Looking back, we think we got away from the cohesive brand-building strategy that ties our product launches to powerful storytelling campaigns. Our success has been based on brand excitement that ignites a word-of-mouth flywheel. This flywheel is what makes FIGS fundamentally different, and we’re at our best when it’s clicking. In 2024, our focus will be leveling up on innovation and rebuilding our brand momentum through a number of initiatives.

As discussed last quarter, we are evolving our supply chain through best-in-class partners across continents to deliver the most advanced products to healthcare professionals. In addition to innovation and quality and new products, we are enhancing important details like our waistbands, our trends, zippers, fabrications. We have also embarked on an initiative to improve fit consistency across our assortment, which we are excited to roll out over the next year, starting as early as Q2. As we continue to advance our technical capabilities, we also see opportunity to lean further into our layering system by becoming the category-defining brand, across scrub ware, outerwear, footwear, underscrubs, compression socks, bags, and so much more for healthcare professionals.

Non-scrubs represented 23% of net revenue in the fourth quarter, reflecting strong performance in a number of these categories, and we see meaningful runway ahead of us. The recent launch of our On-Shift Sherpa Bomber Jacket was one of our biggest to date and is a great example of what we’re able to bring to the market outside of core scrubs to address the needs of healthcare professionals on shift and off. Lastly, as we take our product innovation to the next level, we are introducing Extremes. Extremes exemplifies how FIGS can serve even the most extraordinary needs of healthcare professionals.

This year, we plan to introduce a series of innovative launches featuring technical products designed to solve problems for some of the most specialized fields within medicine. Last month, we launched our first Extremes collection supported by an exciting marketing campaign featuring Dr. Luke Bennett, the medical performance director for Hintsa, the medical team supporting Formula One. Our large-scale storytelling campaigns will be designed to shine a spotlight not only on the extraordinary work that these healthcare professionals do every day but also on just how extreme all healthcare professionals are.

We have a series of exciting partnerships within sports medicine and other areas of healthcare as well, including search and rescue, large animal vets, and EMT. These big brand moments will be augmented with a series of evergreen and smaller product launch campaigns throughout the year as well as community events and activations that will enable us to engage healthcare professionals in person. The success of our brand has not just been about great product innovation and powerful brand marketing. It’s the seamless integration of both that generates excitement, leading healthcare professionals to share their FIGS experience with one another.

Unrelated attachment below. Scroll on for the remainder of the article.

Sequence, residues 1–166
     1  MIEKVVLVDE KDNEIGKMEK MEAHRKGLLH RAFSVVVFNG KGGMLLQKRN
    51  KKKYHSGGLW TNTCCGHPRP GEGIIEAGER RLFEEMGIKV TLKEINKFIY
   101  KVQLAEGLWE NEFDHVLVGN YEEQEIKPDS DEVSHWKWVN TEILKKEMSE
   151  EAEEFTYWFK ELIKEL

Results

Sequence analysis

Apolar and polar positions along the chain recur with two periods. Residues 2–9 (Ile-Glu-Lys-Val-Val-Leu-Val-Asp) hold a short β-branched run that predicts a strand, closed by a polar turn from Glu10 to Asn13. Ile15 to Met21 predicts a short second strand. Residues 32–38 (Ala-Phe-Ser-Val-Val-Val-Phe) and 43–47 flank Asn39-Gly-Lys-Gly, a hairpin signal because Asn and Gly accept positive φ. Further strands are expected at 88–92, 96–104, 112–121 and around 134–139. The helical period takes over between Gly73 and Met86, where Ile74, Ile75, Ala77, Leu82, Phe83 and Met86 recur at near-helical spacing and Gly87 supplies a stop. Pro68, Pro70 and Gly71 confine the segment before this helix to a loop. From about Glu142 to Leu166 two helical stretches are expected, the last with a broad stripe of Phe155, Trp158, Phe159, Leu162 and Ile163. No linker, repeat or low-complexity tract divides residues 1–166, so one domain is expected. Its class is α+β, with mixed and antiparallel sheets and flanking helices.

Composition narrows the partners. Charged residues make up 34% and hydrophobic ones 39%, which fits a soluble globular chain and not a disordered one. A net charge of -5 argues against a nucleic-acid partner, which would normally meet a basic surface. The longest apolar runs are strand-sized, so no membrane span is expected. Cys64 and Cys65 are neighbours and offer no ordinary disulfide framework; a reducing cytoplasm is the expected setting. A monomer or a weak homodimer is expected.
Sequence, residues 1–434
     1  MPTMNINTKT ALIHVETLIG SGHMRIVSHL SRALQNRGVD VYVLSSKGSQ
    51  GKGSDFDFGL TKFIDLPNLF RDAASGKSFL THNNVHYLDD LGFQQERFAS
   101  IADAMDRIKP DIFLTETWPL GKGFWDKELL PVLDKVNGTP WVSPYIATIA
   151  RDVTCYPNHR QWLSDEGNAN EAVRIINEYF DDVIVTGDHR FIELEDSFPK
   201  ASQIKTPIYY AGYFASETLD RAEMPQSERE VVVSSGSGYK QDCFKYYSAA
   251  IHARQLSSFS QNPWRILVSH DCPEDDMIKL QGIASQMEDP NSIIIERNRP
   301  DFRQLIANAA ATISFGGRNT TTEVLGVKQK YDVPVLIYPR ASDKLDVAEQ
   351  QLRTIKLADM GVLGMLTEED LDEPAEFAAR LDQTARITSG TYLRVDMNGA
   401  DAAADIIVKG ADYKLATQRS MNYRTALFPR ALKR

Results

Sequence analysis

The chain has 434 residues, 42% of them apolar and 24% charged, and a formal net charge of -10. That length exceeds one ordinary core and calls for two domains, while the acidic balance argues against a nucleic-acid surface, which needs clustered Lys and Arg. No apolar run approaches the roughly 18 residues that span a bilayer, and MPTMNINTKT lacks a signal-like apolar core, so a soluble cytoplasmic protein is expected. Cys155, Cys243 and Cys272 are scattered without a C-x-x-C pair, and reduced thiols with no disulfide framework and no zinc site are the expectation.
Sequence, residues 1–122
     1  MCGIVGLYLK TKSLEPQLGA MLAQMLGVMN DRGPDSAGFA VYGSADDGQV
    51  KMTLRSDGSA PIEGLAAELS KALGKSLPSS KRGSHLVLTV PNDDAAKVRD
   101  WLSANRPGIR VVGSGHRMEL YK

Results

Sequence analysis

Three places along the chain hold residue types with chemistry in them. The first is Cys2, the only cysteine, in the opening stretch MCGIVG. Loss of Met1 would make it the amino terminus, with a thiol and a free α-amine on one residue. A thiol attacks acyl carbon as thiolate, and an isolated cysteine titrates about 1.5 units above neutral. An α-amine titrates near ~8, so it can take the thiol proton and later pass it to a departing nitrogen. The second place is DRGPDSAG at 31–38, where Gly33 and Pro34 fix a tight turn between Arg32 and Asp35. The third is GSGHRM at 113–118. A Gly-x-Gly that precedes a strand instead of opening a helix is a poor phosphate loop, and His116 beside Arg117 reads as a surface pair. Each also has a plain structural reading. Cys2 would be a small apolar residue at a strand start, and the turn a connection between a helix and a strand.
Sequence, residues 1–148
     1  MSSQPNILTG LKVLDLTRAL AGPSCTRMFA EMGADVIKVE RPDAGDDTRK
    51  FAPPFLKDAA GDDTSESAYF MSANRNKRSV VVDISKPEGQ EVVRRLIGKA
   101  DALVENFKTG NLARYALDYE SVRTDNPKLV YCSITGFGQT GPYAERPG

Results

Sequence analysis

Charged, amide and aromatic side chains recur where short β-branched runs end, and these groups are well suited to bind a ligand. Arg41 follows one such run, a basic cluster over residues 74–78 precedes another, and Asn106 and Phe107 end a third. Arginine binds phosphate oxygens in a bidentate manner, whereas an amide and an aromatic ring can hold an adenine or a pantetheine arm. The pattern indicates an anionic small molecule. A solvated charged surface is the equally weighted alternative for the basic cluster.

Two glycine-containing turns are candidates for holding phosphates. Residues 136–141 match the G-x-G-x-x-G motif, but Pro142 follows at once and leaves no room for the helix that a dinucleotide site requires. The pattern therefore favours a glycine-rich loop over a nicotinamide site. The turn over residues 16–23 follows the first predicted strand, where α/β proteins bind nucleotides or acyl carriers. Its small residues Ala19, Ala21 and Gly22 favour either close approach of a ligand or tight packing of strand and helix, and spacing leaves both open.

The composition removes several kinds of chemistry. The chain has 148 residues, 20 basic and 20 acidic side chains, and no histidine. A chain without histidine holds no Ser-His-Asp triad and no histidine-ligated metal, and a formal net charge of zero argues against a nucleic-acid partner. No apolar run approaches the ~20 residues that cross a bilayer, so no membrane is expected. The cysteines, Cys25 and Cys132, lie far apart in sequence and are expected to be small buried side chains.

We believe that our Extreme’s initiative is integral in rebuilding the powerful word-of-mouth dynamics that helped us to surpass $0.5 billion in 2022, just 10 years after our inception. To lead our integrated marketing strategy, Bene Eaton has joined FIGS as chief marketing officer, bringing 15 years of experience, most recently as Nike’s head of brand marketing for New York City. In addition to Nike, her background includes Ralph Lauren and Under Armour. We look forward to having her lead our brand and digital marketing efforts as we work to get back the secret sauce that has driven our success for over the last decade.

While we’re excited about our strategic initiatives to drive brand momentum, we know that building new and existing customer engagement in an environment of the headwinds facing our healthcare professionals will take time, which is reflected in our guidance. The healthcare industry is evolving, and we’re taking steps to evolve with it while also leveraging our multiple growth levers. Starting with international. Net revenue grew 42% in 2023 versus the same prior-year period.

The strong performance was driven by growth in our more established markets, stemming from localization efforts and targeting initiatives as well as traction we’re gaining in the 10 markets we entered in 2023. Mexico and the Philippines remain our top new markets. And as you may recall, this came with minimal marketing investment. We plan to add new markets in 2024 as we continue to build our brand globally.

We are also excited to share that for the first time in our company’s history, FIGS is partnering with the medical team behind sport. Starting with Everton Football Club of the English Premier League, which is the most viewed sports league in the world. Our relationship with Everton’s medical team demonstrates our commitment to celebrating healthcare professionals, who have dedicated their lives to serving others, including athletes. Finally, in support of our growing international business, we plan to open a distribution center in Canada in 2025, which we believe will meaningfully improve our margin and enhance the customer experience with shorter shipping time.

Our TEAMS business grew net revenue by 66% as compared to the fourth quarter last year. We successfully launched our TEAMS app open access test, enabling businesses of any size to purchase scrubs through our platform, which contributed to strong growth in the quarter. We believe that our ability to serve businesses of any size through this platform meaningfully increases our addressable market. In addition to serving these customers with premium products, we also offer personalization, including embroidery.